Transistor working principle | How does a transistor work?

Transistor working principle

Transistor working principle

Transistor working principle: A transistor is one kind of semiconductor device that is used to amplify or switch electronic signals and electrical power.  A transistor is very simple and also complex. The transistor can work either the amplifier or switch.

At the time of amplifier, it takes low electric current at one end and produce much bigger electric current at the other in the output. It’s one kind of current booster. That comes in extremely valuable in things like portable hearing assistants, one of the primary things individuals utilized transistors for.

The hearing aid has a tiny microphone in it that picks up sound from the world around you and turn them into fluctuating electric current. These are fed into a transistor that lifts them and forces a small amplifier, so you hear a substantially louder form of the sounds around you.

Transistor working principle

Transistor working principle

Transistor also can perform like switches. When low current flow through one part of the transistor that can make a much bigger current flow through another part of it. In another hand, the little current switches on the bigger one.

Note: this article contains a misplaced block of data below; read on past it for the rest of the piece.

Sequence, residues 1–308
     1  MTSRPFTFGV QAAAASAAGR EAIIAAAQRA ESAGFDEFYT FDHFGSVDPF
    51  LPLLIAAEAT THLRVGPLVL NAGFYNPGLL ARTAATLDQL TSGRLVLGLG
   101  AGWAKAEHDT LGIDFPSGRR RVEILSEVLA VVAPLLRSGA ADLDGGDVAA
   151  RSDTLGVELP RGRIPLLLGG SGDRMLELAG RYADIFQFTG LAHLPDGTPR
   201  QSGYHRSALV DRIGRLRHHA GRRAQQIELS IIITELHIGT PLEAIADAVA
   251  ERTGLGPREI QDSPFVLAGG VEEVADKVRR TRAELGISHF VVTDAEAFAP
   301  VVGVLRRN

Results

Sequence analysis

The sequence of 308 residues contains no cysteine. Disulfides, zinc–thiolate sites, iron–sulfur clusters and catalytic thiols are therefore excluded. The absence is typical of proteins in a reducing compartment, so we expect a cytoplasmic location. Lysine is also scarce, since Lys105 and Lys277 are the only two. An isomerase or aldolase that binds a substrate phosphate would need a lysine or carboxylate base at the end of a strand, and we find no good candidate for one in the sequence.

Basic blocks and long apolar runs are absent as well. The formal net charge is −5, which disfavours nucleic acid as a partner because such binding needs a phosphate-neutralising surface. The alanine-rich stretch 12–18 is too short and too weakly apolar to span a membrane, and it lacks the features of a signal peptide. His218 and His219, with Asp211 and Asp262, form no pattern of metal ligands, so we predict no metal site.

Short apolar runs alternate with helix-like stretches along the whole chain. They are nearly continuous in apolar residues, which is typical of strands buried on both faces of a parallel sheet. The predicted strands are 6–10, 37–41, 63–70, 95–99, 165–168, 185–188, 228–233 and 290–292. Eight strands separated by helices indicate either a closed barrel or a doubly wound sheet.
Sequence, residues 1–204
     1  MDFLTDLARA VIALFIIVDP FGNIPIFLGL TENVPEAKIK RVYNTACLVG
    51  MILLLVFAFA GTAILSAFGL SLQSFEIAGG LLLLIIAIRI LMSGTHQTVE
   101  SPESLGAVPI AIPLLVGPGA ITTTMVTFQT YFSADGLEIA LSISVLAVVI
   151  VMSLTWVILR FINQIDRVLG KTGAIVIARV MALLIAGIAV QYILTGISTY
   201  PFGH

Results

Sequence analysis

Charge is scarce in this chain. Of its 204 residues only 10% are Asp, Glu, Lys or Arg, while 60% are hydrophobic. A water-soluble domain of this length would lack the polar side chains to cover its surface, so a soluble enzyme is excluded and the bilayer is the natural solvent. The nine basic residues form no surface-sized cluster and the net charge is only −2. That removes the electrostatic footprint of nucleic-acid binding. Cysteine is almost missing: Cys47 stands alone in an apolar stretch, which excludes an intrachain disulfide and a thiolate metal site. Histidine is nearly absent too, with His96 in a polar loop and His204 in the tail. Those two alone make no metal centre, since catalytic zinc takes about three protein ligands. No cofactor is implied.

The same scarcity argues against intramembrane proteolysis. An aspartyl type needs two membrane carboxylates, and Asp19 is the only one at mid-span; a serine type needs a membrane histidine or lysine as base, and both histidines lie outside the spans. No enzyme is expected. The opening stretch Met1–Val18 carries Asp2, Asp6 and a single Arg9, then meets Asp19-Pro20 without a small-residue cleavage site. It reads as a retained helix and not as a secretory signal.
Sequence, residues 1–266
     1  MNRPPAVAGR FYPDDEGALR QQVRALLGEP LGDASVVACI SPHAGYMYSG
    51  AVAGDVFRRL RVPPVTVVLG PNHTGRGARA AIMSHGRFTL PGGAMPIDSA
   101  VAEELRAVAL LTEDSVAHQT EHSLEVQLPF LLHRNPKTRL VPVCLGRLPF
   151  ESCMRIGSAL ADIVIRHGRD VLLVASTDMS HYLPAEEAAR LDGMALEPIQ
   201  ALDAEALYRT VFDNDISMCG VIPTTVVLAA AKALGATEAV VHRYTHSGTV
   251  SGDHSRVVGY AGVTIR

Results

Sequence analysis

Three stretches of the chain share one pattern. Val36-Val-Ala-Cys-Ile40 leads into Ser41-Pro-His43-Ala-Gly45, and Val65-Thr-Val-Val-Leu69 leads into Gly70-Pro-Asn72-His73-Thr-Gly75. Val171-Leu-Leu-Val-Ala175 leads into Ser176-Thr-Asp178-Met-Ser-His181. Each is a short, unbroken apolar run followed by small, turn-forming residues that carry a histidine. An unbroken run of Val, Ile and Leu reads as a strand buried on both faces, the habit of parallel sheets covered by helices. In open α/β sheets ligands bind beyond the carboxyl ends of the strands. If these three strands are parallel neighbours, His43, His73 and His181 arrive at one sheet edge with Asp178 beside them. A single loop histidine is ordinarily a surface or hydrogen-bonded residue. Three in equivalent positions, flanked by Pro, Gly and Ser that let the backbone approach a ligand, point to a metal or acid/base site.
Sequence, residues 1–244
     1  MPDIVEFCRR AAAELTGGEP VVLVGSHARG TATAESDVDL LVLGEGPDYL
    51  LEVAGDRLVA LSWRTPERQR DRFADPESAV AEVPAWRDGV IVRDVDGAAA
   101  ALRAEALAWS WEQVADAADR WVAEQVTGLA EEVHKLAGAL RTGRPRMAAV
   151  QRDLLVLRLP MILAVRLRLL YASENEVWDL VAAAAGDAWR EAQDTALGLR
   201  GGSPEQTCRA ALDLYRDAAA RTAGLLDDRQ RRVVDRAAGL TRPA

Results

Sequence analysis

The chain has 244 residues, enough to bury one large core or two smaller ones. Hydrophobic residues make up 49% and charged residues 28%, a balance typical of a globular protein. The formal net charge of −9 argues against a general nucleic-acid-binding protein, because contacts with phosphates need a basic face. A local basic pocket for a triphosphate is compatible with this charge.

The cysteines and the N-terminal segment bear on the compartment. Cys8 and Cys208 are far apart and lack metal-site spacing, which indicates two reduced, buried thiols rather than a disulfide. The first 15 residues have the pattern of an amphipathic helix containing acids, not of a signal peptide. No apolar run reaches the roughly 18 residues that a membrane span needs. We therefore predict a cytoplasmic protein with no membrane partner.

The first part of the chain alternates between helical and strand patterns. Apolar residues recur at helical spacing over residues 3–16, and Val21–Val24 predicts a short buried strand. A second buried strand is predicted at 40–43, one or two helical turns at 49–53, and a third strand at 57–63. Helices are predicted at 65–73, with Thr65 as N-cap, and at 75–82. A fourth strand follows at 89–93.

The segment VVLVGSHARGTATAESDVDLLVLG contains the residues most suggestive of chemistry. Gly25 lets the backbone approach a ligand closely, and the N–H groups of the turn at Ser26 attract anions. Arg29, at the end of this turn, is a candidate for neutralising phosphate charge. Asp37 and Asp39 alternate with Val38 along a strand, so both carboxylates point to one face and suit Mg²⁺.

It is how all computer chips work. A memory chip usually contains hundreds of millions or even billions of transistors, each of them can switch on or off individually. Since each transistor can be in two distinct states, it can store two different numbers, zero and one. With billions of transistors, a chip can store billions of zeros and ones, and almost as many ordinary numbers and letters.

A transistor is a three terminal device.

  • Base: It is responsible for activation the transistor
  • Emitter: It is responsible for the negative lead
  • Collector: It is responsible for the positive lead

Actually, the basic idea of the transistor is used to control the flow of current through one channel by varying the intensity of a much smaller current that’s flowing through a second channel.

Read how dc motor work here

2018-10-09T00:27:32+00:00

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